Cashflow is oxygen for a business – when businesses run out of cash, they go broke.
There’s a distinct difference between profit and cashflow, in that a business won’t necessarily go broke when they run out of profit, but will when they run out of cash.
Our job as business owners is to maximise that cashflow.
Cashflow is created by turning assets into cash – your physical assets, database assets, patient base, team, intellectual property assets.
When it comes to maximising cashflow, we really only have five levers to work with. Two of these live on the profit/loss statement, while the other three lie on the balance sheet.
The two that live on the profit/loss statement include:
1. Your ability to increase revenue
And keep in mind, there are only three ways to maximise revenue; see more people, see them more often, or increase prices.
2. Decreasing your expenses
This can be done by doing a quick audit of your profit and loss statement, and identifying wants vs. needs – and being ruthless in your culling.
These are some of the most obvious options, but the balance sheet can be equally as useful and reveal a lot about the money story of your practice.
They give you three more options to work with, including:
3. Accounts receivable
Cashflow is about getting money in, but we often already have a lot of money floating around out there.
Chasing money is a painstaking task that takes time, effort, and resources – which means you’re spending money to get money.
It’s much easier and more preferable to get the money up front.
4. Reduce inventory days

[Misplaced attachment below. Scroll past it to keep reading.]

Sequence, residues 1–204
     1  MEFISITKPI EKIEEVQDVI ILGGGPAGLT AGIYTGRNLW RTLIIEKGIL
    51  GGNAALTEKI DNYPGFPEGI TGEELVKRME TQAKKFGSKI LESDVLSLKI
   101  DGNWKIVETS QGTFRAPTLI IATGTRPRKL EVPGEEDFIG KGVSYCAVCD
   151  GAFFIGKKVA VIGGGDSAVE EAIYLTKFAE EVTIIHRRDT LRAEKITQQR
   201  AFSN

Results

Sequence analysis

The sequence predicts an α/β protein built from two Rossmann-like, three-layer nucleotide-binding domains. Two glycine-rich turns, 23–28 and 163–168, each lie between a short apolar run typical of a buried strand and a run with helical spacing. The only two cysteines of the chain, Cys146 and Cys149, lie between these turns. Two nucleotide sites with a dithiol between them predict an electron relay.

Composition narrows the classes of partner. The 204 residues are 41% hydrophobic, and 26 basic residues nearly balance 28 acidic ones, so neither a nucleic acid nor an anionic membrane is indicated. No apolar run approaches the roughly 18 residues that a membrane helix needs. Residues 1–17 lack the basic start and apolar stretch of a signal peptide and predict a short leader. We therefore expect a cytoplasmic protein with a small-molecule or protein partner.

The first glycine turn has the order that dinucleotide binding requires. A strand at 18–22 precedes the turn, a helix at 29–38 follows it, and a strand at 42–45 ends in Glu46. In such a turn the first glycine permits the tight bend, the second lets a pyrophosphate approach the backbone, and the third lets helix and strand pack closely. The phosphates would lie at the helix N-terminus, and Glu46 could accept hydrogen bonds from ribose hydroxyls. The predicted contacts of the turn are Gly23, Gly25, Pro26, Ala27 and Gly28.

Reducing the amount of stock we hold in the practice can free up a surprising amount of cashflow. Most practices have a variety of things in the storeroom that get turned over very, very slowly and take up valuable time, energy, money, and space.
It might interest you to know that Dell Computers inventory days are only 4 hours – making for a super efficient system. Streamline what you order, be careful about ordering in bulk, and reduce special items where possible. This allows you to save money upfront.
5. Increase accounts payable
We all get bills, and we need to be good to our vendors and pay them in a timely passion.
But if your terms say that you have 14 days or 30 days, it’s a good idea to make use of them.
Making sure you keep cash in your bank account for as long as possible allows you to have a bit of a buffer and improve your overall cash flow.
So, these are the five options you have when it comes to increasing cashflow in your business. It’s an important principle to understand and master – and your practice will thank you!